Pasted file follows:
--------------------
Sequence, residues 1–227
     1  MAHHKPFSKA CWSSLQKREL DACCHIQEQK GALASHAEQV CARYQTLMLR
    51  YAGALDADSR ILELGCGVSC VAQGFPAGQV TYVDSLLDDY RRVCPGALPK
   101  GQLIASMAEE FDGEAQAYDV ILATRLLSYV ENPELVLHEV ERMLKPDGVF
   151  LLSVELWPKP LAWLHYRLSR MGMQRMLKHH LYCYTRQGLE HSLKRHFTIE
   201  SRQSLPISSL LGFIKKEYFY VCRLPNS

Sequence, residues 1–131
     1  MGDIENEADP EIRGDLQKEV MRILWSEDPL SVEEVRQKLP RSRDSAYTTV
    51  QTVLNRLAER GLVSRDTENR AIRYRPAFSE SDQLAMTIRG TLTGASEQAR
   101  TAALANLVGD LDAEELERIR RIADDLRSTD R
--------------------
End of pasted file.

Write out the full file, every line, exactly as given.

Sequence, residues 1–227
     1  MAHHKPFSKA CWSSLQKREL DACCHIQEQK GALASHAEQV CARYQTLMLR
    51  YAGALDADSR ILELGCGVSC VAQGFPAGQV TYVDSLLDDY RRVCPGALPK
   101  GQLIASMAEE FDGEAQAYDV ILATRLLSYV ENPELVLHEV ERMLKPDGVF
   151  LLSVELWPKP LAWLHYRLSR MGMQRMLKHH LYCYTRQGLE HSLKRHFTIE
   201  SRQSLPISSL LGFIKKEYFY VCRLPNS

Sequence, residues 1–131
     1  MGDIENEADP EIRGDLQKEV MRILWSEDPL SVEEVRQKLP RSRDSAYTTV
    51  QTVLNRLAER GLVSRDTENR AIRYRPAFSE SDQLAMTIRG TLTGASEQAR
   101  TAALANLVGD LDAEELERIR RIADDLRSTD R